It is necessary for the parent of a minor (16 years and under) to be present for the initial consultation visit.

What happens if I miss an appointment?

We make every effort to make sure that we run on time, as we respect that your time is precious. In return, we ask for the same consideration from you. Missing a scheduled appointment means that someone else has missed out on getting that appointment because it was allocated to you. Please let us know ahead of time if you need to change your appointment time.

Are there invisible braces?

Yes! We offer lingual braces, which are fitted to the back of your teeth and are out of sight. We also offer ceramic braces, which are tooth-coloured braces, and Invisalign, which is a clear removable aligner system that acts in a similar fashion to straighten teeth. View Our Treatment Options

Why do I need an X-ray?

It is really important that all the information about your teeth and jaws is available before we decide on the treatment that is right for you or your child. Missing, impacted or additional teeth are a fairly frequent finding, which can sometimes completely change the proposed treatment. So that there are no surprises and both you and the orthodontist know the state of your teeth and jawbones, X-rays are a very important part of the treatment-planning process. Furthermore, X-rays can provide additional information which becomes important when deciding whether it is necessary to have teeth removed, or where crowded teeth are impacting your smile.

Will I be able to eat as normal?

Wearing braces should not excessively change your diet but changes to the diet must be made: hard foods, sticky foods and foods with a high sugar content must be avoided as these can cause damage to the braces.

Will braces affect my speech?

The speech for most of our patients is not affected. Initially, there may be a strange feeling as the lips and cheeks adjust to the braces or aligners, but this only lasts a few days and is transient.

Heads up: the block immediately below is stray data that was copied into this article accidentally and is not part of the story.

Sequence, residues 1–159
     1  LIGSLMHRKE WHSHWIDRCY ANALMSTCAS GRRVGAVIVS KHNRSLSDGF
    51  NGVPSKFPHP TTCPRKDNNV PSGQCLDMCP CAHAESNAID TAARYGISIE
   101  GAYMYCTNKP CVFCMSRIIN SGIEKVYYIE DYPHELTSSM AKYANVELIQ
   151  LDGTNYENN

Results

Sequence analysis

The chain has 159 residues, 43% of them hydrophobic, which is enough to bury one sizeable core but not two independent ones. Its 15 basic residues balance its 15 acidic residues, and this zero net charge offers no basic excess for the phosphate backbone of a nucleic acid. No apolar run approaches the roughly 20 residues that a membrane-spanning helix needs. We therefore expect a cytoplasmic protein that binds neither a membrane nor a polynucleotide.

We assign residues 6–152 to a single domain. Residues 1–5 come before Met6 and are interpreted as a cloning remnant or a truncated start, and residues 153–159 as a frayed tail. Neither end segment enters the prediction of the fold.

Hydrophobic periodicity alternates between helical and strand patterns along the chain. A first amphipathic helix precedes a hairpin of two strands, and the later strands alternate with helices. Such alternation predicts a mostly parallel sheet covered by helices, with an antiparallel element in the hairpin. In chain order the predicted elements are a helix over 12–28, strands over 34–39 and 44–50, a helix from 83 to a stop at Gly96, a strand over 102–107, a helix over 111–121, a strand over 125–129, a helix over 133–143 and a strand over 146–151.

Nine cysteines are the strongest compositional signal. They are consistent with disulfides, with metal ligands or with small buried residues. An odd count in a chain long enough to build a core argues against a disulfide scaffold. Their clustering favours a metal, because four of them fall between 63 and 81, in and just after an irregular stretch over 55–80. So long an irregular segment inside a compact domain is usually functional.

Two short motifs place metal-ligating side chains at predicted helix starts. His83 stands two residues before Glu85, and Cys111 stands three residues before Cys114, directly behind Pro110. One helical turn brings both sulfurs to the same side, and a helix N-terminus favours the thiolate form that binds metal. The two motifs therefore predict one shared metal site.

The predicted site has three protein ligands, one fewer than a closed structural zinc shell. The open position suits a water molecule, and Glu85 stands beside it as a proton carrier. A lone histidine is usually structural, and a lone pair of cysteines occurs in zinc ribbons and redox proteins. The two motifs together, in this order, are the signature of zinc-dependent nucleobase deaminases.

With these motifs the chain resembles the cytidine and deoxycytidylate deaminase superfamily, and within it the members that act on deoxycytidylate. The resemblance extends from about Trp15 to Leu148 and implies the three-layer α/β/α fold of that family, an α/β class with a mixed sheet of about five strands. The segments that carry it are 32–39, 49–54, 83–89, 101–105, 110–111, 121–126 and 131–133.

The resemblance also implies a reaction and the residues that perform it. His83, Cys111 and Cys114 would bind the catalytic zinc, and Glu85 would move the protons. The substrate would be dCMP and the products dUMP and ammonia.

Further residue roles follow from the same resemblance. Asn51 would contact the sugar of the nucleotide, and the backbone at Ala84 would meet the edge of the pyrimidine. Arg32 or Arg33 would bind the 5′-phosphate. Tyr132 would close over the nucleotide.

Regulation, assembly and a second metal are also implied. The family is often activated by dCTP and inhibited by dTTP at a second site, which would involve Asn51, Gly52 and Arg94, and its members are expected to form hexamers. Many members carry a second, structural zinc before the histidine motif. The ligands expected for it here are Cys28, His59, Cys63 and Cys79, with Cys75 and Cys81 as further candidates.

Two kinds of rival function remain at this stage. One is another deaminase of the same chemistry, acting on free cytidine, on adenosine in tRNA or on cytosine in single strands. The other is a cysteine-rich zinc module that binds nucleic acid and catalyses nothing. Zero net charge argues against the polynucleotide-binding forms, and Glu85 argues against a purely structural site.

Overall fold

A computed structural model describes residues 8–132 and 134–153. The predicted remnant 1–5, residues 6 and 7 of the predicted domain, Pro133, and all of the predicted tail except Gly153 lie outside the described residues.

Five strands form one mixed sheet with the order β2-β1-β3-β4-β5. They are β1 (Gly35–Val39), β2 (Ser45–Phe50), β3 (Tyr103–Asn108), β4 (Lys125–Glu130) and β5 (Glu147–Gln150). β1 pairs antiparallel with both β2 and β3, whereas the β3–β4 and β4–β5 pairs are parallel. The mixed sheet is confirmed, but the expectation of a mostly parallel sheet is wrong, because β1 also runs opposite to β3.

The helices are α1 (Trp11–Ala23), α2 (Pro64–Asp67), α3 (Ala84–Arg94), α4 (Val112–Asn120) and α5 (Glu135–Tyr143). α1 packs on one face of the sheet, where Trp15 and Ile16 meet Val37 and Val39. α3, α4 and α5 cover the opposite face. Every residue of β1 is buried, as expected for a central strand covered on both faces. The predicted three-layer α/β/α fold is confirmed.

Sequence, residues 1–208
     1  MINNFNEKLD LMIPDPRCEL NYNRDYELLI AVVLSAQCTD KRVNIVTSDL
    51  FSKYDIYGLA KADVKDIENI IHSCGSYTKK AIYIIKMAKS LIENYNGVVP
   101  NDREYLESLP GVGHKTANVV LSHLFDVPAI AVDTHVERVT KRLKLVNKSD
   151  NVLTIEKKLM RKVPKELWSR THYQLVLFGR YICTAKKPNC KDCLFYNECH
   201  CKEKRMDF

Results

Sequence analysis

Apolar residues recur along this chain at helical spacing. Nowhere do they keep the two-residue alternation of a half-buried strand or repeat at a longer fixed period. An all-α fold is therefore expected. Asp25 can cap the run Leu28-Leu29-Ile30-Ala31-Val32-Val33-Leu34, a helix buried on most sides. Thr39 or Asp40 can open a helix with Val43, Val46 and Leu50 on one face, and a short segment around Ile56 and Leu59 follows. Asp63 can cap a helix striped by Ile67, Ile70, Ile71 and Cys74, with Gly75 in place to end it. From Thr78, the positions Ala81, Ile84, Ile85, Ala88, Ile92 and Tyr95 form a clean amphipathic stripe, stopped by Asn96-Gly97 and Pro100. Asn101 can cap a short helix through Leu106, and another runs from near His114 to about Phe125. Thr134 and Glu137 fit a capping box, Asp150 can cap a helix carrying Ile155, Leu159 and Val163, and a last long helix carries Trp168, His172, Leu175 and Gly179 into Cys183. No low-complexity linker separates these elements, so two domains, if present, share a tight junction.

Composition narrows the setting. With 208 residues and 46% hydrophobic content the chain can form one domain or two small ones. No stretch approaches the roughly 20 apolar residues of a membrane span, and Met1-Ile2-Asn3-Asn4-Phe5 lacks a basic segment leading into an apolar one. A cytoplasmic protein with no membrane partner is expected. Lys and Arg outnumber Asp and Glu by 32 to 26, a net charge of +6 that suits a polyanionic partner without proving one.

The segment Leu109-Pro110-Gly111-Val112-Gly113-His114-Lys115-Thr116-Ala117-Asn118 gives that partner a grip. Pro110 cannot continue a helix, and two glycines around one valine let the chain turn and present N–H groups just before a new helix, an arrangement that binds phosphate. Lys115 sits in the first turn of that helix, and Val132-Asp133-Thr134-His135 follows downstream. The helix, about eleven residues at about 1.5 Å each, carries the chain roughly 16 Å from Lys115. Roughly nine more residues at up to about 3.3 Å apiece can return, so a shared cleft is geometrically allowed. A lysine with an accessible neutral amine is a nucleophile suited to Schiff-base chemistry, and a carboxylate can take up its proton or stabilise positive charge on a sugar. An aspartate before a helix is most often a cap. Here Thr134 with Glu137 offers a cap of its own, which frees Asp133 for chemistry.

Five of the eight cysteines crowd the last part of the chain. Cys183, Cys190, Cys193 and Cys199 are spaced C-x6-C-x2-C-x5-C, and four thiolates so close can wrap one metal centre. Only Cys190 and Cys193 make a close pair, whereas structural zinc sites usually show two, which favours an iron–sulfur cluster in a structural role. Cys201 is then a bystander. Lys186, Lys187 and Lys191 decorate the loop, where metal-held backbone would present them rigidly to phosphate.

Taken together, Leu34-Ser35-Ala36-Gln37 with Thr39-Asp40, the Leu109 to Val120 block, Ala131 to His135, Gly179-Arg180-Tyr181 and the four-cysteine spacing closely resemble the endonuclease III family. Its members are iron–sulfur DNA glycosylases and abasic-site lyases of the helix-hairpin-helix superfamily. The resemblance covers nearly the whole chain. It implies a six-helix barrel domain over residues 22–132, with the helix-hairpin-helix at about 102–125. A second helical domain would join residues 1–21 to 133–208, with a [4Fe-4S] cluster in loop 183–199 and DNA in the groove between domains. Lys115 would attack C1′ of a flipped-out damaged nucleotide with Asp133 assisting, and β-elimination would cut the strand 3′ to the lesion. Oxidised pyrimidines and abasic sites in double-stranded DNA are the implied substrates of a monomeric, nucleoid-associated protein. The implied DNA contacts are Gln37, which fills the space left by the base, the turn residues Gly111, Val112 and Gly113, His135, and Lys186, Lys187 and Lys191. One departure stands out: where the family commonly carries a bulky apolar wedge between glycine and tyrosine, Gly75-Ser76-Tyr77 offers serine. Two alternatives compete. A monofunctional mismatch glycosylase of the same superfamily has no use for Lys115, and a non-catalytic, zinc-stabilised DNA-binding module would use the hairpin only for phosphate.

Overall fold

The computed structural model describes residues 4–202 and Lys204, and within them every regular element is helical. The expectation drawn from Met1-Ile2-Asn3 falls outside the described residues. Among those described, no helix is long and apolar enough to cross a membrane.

The type of braces placed can affect speech to some extent. For example, braces that go on the inside surface of the teeth (Incognito), will take some getting use to.

For some patients, the speech can be slightly affected in the initial period after braces placement. This is just until your tongue gets used to the braces presence and then normal speech will return.

What if I play contact sports?

If professional sportspeople can do their thing wearing braces, then you can too! Unfortunately though, orthodontic treatment won’t make you run, swim or bike any faster.

Many people can continue to play sports like rugby, football or martial arts with braces. However, mouthguards must be worn to protect the teeth, gums and braces from any knocks and bumps. We can also make custom-made professional mouthguards for your peace of mind when playing sports. If you have removable braces, plates or retainers, these should be removed for contact sports and swimming, and kept in a safe place (case). If you have any questions, please feel free to ask us, we will be happy to help.

Will my teeth stay straight after the braces come off?

We plan for the tooth movements to be as stable as possible, however, teeth are still able to move slightly due to the “elastic recoil” of the gums, muscles and facial growth. Retainers are used to keep your smile as brilliant as the day your braces had come off.

Talk to us about the different types of retainers that may be suitable for you when you are in next.

Do braces affect playing an instrument?

The lips and tongue adjust to braces very quickly, so most patients are expected to be playing their best within a couple of days from the day braces are fitted. In addition, braces can be covered with orthodontic wax to prevent discomfort. Trumpeters, flutists, and clarinettists are all able to have braces!

If you are overly concerned about braces affecting your ability to play a wind instrument, please speak to the orthodontist for individualised advice.